"Anybody that can haul and/or house livestock – it doesn't have to be both; it can be one or the other," Ramos said. "We're also looking for those that can donate, whether it be hay for livestock, or dog food. It can also go into water, toothpaste, clothes, blankets – all that normal, necessary things that people would need when they have evacuated in a rushed environment."

To this end, the Merced County Farm Bureau is drawing up a list of members who can assist farmers and ranchers in Mariposa County who have to move animals. Ramos said she's also working with the Red Cross and other emergency responders.

Ramos' Madera County counterpart, Christina Beckstead, said her bureau owns a livestock auction yard in Madera, which has been made available for evacuated cattle and other animals. The yard is leased to Producers Livestock.

"They've got the ability to take in livestock, up to 500-600 head," Beckstead said.

As with the others, the Madera County Farm Bureau is collecting supplies such as water, clothing and feed.

"We have several of our members within Madera that have reached out that have space, whether it's pasture, grazing land, or just some corrals available to house animals," Beckstead said. "Some of our local feed stores have reached out, and they're taking some feed up to Coarsegold, where we've got Coarsegold Rodeo Grounds. They've got animals that are being housed there right now, too."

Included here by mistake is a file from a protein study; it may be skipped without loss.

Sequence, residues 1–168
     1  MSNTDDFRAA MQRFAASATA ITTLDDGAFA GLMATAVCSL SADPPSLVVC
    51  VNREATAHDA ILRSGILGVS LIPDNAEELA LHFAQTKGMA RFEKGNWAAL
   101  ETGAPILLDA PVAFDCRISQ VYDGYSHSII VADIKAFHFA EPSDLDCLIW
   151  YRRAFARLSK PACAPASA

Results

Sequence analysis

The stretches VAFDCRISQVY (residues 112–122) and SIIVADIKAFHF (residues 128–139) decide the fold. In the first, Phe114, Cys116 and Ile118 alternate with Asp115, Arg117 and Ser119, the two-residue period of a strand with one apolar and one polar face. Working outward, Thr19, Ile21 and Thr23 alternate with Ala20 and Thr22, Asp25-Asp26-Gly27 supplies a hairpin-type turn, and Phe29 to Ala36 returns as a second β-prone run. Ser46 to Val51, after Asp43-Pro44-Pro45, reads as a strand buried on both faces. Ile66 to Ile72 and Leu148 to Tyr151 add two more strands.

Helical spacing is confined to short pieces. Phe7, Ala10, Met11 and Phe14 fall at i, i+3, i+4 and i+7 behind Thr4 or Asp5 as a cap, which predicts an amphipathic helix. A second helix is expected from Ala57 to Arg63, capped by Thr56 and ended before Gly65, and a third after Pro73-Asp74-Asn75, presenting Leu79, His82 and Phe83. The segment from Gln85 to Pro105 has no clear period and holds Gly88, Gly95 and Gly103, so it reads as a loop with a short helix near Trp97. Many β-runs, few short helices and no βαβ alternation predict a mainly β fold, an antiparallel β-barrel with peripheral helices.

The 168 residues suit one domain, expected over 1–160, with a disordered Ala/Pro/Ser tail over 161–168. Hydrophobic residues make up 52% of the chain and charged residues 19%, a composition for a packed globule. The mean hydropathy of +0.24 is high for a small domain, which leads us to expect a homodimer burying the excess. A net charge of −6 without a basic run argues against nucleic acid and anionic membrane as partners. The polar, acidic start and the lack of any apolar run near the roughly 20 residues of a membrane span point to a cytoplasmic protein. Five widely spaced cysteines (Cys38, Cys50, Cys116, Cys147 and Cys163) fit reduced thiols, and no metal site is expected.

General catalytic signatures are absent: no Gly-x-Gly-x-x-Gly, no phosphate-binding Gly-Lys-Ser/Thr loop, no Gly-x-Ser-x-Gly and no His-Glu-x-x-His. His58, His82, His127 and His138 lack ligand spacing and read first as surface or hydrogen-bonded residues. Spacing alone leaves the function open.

Mariposa County cattle rancher Tony Toso, who serves as CFBF's second vice president, said Monday morning that he and his family were doing better.

"Still no power at my place, but should be soon," Toso said in an e-mail Monday. "Some of the neighbors are back up and running. My best guesstimates are that we lost about 660 acres of grazing land and the fire at least touched, but did not necessarily ruin or destroy, about 34,000 linear feet of fence. I think we look better on the fencing than what we thought we would have."